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PROG RELATED

A Progressive Rock Sub-genre


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Prog Related definition



No musical genre exists in a vacuum. Not all of the bands that have been a part of the history and development of progressive rock are necessarily progressive rock bands themselves. This is why progarchives has included a genre called prog-related, so we could include all the bands that complete the history of progressive rock, whether or not they were considered full-fledged progressive rock bands themselves.

There are many criteria that the prog-related evaluation team considers when deciding which bands are considered prog-related. Very few bands will meet all of this criteria, but this list will give an idea as to some of the things that help evaluate whether an artists is prog-related or not.

1) Influence on progressive rock - The groundbreaking work of artists like Led Zepplin and David Bowie affected many genres of rock, including at times progressive rock. Although both of these artists created rock music in a dizzying array of genres, both contributed to the ongoing history of progressive rock several times within the span of their careers.

2) Location - Progressive rock did not develop at the same time all over the world. It may surprise some people that as late as the mid-70s the US had very few original progressive rock bands that did not sound like exact copies of British bands. Journey was one of the first US bands to present a uniquely American brand of prog-rock before they eventually became a mainstream rock band. We have collaborators from all over the world who tell us which bands helped the progressive rock scene develop in their corner of the globe, even if those bands were like Journey and were known more for being mainstream rock bands.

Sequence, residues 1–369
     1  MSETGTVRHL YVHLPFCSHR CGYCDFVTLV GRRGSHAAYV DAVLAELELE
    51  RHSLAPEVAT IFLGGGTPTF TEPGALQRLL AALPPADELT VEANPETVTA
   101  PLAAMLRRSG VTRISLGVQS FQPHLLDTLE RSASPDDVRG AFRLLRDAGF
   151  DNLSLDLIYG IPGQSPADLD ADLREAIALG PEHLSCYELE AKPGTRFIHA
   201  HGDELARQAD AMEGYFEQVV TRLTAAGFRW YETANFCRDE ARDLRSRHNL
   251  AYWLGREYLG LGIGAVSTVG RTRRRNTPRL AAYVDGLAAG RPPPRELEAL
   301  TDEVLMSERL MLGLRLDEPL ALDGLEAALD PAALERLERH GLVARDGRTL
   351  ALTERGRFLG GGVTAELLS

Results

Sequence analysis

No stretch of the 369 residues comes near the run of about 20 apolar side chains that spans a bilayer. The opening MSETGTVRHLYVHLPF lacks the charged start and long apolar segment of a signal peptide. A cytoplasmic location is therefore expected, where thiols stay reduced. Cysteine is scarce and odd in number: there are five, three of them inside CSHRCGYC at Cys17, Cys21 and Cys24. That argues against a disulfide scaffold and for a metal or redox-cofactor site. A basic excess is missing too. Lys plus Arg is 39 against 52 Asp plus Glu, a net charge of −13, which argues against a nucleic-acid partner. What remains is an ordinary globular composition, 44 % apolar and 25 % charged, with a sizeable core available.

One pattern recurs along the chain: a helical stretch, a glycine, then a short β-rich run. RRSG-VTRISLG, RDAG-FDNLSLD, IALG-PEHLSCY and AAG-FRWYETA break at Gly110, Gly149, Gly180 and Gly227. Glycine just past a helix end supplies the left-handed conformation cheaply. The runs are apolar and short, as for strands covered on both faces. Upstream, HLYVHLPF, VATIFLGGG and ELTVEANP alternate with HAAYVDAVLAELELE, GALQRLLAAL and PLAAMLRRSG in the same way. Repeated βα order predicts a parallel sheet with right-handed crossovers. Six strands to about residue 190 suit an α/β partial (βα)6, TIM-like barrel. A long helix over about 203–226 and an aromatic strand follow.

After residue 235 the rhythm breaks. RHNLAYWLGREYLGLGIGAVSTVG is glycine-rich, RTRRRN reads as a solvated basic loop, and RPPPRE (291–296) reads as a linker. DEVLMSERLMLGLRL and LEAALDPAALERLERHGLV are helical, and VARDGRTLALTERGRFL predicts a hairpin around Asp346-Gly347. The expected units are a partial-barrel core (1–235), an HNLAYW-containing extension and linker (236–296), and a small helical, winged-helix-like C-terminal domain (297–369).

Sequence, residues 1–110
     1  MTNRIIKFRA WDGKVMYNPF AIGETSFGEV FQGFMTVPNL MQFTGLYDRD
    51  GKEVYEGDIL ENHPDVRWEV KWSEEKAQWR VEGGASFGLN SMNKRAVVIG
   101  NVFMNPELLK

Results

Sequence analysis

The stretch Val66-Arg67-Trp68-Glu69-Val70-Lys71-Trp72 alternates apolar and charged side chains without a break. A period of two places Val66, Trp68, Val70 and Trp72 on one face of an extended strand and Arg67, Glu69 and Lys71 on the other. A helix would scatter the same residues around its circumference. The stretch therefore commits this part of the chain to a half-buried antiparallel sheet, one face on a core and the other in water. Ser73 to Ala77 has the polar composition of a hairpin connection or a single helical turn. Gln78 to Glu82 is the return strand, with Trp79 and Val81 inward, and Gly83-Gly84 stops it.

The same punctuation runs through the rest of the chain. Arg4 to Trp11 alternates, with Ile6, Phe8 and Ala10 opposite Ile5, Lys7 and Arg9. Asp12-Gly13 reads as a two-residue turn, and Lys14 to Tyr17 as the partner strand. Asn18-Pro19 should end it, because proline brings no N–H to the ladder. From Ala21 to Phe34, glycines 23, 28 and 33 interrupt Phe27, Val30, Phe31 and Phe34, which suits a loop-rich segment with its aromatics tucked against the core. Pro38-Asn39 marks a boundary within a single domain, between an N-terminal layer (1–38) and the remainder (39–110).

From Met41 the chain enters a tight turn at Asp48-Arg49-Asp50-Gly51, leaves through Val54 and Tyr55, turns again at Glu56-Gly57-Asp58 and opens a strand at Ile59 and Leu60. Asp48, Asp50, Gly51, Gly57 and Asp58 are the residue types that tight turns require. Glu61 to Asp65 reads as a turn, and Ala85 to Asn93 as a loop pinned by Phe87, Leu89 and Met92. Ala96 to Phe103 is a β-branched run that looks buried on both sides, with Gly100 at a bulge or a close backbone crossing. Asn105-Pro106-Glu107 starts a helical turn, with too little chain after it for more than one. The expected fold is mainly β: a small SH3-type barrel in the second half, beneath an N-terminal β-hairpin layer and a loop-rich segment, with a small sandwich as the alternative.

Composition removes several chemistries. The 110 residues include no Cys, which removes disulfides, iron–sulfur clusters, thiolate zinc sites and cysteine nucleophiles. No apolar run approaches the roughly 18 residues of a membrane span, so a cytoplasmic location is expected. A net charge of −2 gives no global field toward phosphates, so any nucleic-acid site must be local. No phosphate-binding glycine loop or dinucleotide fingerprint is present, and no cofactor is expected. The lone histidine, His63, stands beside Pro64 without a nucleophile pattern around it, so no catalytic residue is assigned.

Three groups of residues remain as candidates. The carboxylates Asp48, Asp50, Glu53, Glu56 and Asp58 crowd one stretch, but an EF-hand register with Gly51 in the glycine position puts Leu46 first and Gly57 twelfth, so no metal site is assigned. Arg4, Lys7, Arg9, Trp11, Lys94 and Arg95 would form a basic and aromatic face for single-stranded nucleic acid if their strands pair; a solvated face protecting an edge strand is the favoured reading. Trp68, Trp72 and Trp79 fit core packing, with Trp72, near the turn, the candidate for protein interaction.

3) Members of important progressive rock bands - Although most of the recorded solo output of artists like Greg Lake and David Gilmour falls more in a mainstream rock style, their contributions to progressive rock in their respective bands insures them a place in our prog-related genre.

4) Timeliness - Like many genres, prog-rock has had its ups and downs. In the late 70s and early 80s prog-rock was barely a blip on the radar. During this time artists such as David Bowie and Metallica released albums that captured key elements of the spirit of prog rock and did so while contributing their own original modern elements to the mix.

5) Integral part of the prog-rock scene - Sometimes you just had to be a part of the scene during a certain time period to understand how some bands fit with the prog rock scene of their time. Although Led Zeppelin, Black Sabbath and Wishbone Ash may seem like mere hard rock bands, in their time they stood apart from other hard rockers with their more serious lyrical content and more developed compositions. Put simply, in the early 70s every prog-rock record collector usually had full collections of all three of these artists. These three bands were very much part of the prog-rock scene without being total prog-rock bands them selves.